Hi velisarius,"Cristiano segreto". It isn't necessarily derogatory ; there are still plenty of places where Christians are persecuted.
Could you give us some more context please, or perhaps correct it if there’s a mistake? This doesn’t really make sense to me; sounds like there's some kind of Christian-detecting force-field."They could not enter the church doorway, unless they were closet Christian".
Definitely not "closeted" EFC To be a "closet" someone is an expression, the meaning of which has already been discussed. I agree with Mark that it is a strange use of it here - but the meaning of it is fairly clear, that the people being described won't or cannot reveal themselves to be Christian.Shouldn't it be closeted? I've never seen closet something, but maybe it's the author's style?
No, Elfa was saying that closet is a lot more common than closeted -both in the case of Christians and in the case of gay people. Gay people who are hiding their sexual orientation are said to be in the closet, or a closet lesbian etc.
No. Have a look at my post 7: there's a link to the WR dictionary and all the other threads about the same word.Hi!
Shouldn't it be closeted? I've never seen closet something, but maybe it's the author's style?
Well, reading EFC's link, I must say that I hadn't even heard of "closeted" when referring to LGBT people - which probably goes to show that I'm not at all on-trend or it's not a BE expression... To me, yes, "closet" is the one I'm familiar with.No, Elfa was saying that closet is a lot more common than closeted -both in the case of Christians and in the case of gay people. Gay people who are hiding their sexual orientation are said to be in the closet, or a closet lesbian etc.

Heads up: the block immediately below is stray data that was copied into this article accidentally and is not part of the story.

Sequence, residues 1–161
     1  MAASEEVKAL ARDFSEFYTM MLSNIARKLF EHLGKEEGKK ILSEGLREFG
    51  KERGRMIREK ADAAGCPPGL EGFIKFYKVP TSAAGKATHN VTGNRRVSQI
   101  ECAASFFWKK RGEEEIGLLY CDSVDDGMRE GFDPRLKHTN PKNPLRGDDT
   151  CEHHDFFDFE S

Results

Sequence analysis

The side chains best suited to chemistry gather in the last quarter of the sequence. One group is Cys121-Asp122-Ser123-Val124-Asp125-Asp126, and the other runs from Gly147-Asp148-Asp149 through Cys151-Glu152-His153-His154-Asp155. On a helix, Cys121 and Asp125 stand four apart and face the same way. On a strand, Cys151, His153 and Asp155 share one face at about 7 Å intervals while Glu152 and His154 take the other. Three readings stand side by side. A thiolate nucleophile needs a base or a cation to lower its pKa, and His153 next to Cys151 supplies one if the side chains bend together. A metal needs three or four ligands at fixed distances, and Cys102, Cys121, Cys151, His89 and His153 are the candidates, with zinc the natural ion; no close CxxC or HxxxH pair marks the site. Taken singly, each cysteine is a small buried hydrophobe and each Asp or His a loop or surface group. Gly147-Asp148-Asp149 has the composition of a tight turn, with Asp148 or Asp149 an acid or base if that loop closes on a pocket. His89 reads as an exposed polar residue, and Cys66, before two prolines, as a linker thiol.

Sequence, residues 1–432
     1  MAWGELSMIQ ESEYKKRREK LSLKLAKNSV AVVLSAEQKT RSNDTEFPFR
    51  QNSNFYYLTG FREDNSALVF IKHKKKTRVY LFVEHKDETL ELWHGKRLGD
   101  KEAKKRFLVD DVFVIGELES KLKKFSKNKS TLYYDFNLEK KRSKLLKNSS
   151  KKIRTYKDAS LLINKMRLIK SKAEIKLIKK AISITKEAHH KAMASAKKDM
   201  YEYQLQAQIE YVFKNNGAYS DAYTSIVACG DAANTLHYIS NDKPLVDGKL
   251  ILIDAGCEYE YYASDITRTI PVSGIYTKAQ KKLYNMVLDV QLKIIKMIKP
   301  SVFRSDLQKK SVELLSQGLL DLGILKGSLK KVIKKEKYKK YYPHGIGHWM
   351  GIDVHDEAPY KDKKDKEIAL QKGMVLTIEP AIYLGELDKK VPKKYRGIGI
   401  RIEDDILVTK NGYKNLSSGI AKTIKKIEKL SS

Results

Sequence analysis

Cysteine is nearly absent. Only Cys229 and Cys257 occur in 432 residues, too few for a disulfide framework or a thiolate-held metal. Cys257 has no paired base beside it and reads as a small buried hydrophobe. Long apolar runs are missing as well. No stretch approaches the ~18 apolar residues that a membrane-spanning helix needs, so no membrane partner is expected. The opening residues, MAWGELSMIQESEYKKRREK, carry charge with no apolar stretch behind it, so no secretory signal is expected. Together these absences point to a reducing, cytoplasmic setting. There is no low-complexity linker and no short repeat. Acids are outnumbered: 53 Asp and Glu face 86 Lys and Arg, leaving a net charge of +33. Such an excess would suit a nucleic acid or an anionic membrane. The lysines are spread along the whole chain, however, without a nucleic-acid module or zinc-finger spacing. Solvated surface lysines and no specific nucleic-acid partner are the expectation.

True,and also in tandem with "Christian" it brings to mind "cloistered", i.e. shut away in a monastery.Well, if we're talking about grammar, I would have said that "closeted" implies the passive i.e. that someone has "closeted" someone else, whereas "closet" is less specific.
Hardly surprising: there are more Americans around than Brits!
I don't it has anything to do with BE/AME/Other English, Jo. I think the two expressions are used in slightly different ways and it depends on the context. UK Google also has more listings for closeted gay than it does to closet gay.Hardly surprising: there are more Americans around than Brits!
They both mean the same thing to me - they're just used differently. 'Closet gay' is a noun (isn't that what we call a compound noun? ) and 'closeted gay' is a noun with an adjective attached to it (I presume that has a name, but grammar and I are enemies ).So what's a closeted gay, in your opinion? Not what I said below, I hope!
I don't see that difference, Paul, but maybe some do. I also think that that 'closet gay' is used as a noun here (you will sometimes see a hyphen between the two words) just like closet queen, but I'm not into grammar, as I said earlier.If I were asked to point out the difference between "closet gay" and "closeted gay" I'd say that, to me, closeted is somehow more forceful than closet (which is, too, an adjective here) as if the person had no choice but to remain in the closet.